After her husband passed away, Eleanor wanted to keep everything the way he did. She just needs a little help with tasks like changing the batteries in her smoke detectors.  With the help of volunteers and other services, the Village allows Eleanor to continue living in the home where she has countless memories.
-- Alex Lauderdale, Village intern
Village Update: Our partnership with John Muir Health
Since July 2015, when the community partnership between Lamorinda Village and John Muir Health (JMH) began, Village members have enjoyed a number of educational programs presented by John Muir Health. In October JMH presented a logo program on options for Medicare Advantage programs, and they have shared their calendar of Senior Services programs with Lamorinda Village.
At the same time, the two organizations have been working toward offering a MedPal program to full members of Lamorinda Village. This program will enable a Village member who is a patient of John Muir Health to be accompanied to doctor appointments so the MedPal can take notes, ask questions, and help the member to remember and understand any treatments and/or medications prescribed by the physician. The MedPal will also be able to provide this kind of assistance if the member were to be admitted to the hospital.
Watch for more information on this important program.
Help is at hand: Learn more about the Alzheimer's Association
A world without Alzheimer's Disease. That is the vision of the Alzheimer's Association, and since 1980 the Association has been working toward that goal by advancing research while improving care for those living with the disease. A third channel of the Association's effort aims to reduce the risk of dementia through the promotion of brain health.
As the Association's East Bay Site Director Grace Liu explained it, "We work on a global, national, and local level to enhance care and support for all those affected by Alzheimer's and other dementias. As the largest nonprofit funder of Alzheimer's research, the Association is committed to accelerating progress of new treatments, preventions, and ultimately, a cure."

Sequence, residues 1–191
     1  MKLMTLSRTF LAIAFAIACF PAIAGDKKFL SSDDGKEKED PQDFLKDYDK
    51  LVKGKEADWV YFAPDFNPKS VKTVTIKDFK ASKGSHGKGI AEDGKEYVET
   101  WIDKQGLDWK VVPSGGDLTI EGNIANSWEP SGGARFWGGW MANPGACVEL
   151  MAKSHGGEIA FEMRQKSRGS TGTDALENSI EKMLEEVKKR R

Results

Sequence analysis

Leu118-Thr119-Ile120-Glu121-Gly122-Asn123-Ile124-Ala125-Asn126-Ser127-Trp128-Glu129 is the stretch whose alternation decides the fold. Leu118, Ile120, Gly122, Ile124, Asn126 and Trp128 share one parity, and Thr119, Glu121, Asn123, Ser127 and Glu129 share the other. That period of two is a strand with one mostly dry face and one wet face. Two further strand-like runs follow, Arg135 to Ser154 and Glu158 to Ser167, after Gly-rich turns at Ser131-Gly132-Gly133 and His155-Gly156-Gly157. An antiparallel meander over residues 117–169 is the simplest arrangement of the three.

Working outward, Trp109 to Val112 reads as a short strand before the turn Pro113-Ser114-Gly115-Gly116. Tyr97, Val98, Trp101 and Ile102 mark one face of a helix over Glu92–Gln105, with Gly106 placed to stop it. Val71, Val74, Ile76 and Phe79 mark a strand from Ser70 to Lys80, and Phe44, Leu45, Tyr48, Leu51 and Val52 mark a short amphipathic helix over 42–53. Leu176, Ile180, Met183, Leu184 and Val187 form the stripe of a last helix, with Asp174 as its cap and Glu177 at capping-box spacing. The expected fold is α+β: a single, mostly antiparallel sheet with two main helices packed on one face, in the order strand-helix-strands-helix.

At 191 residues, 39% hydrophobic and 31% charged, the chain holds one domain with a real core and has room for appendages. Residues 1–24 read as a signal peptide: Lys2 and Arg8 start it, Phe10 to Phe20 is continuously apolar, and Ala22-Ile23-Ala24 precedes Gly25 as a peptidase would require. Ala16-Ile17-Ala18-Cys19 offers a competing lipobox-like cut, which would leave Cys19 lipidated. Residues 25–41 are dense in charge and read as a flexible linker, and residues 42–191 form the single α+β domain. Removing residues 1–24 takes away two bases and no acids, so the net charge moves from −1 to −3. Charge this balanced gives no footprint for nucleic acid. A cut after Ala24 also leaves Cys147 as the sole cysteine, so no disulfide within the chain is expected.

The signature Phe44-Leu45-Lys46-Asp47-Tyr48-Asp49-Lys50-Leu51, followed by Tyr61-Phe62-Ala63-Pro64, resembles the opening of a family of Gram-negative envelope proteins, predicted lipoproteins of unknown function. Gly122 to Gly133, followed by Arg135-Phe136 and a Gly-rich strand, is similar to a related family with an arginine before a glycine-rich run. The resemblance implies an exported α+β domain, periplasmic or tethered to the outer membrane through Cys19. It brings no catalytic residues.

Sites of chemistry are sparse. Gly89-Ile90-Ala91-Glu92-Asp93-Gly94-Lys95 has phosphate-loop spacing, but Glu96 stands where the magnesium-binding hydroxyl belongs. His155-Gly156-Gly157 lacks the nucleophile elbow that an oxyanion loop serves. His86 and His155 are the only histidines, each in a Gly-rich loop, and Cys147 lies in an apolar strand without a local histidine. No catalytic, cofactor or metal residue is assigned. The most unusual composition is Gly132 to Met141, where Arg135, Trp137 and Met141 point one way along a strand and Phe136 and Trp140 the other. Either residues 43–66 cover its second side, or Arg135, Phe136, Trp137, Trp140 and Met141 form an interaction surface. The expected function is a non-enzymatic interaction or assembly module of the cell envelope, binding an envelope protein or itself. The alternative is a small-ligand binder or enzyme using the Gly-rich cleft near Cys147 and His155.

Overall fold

To promote care and support for people living with Alzheimer's, as well as for their caregivers, the Association provides a variety of services.  "Our main service is the 24/7 Helpline, staffed by volunteers and Family Care Specialists who are experts in the field," said Liu. "We also have educational activities; our most popular presentation is about the differences between normal memory loss in aging, versus dementia and Alzheimer's."
holding hands The East Bay Chapter, representing Alameda, Contra Costa, and Solano Counties, provides support groups for both caregivers and people with Alzheimer's in the early stages of the disease. A new peer-to-peer outreach program connects newly diagnosed people with others living with the early stages of Alzheimer's.
"Caregiving is a black hole," said Liu. "You give and give and it's not enough. Caregivers need a lot of support and training that we can help with. Isolation is also an issue for caregivers, and support groups allow them to learn from others how to handle challenging situations and know that they're not alone."
Alzheimer's does not just affect memory; it's a brain disease that affects every aspect of who we are. Besides short-term memory, it affects personality, sense of taste, eyesight, and the ability to walk. The world becomes an increasingly confusing place and judgment becomes impaired, so safety is at risk. Caregivers and those suffering from the disease can benefit from the experience of others as well as the help offered by the Association.
Because it's clear that lifestyle factors affect a person's risk of getting Alzheimer's, the Association's mantra is "heart health is brain health." With presentations and fact sheets the staff promote the idea that social engagement is also important to maintaining brain health, as is learning new things, physical exercise, and eating a healthy diet.
In the research area, the chapter directs funds toward research projects such as clinical trials at UC San Francisco and Stanford University. Scientists at the National Institutes of Health have estimated that with $2 billion a year in funding for research, a cure could be found by 2050.
On the local level the Association organizes and trains advocates and ambassadors, people who have had a family member with the disease and/or who are committed to finding a solution. They visit members of Congress to advocate for more research funding.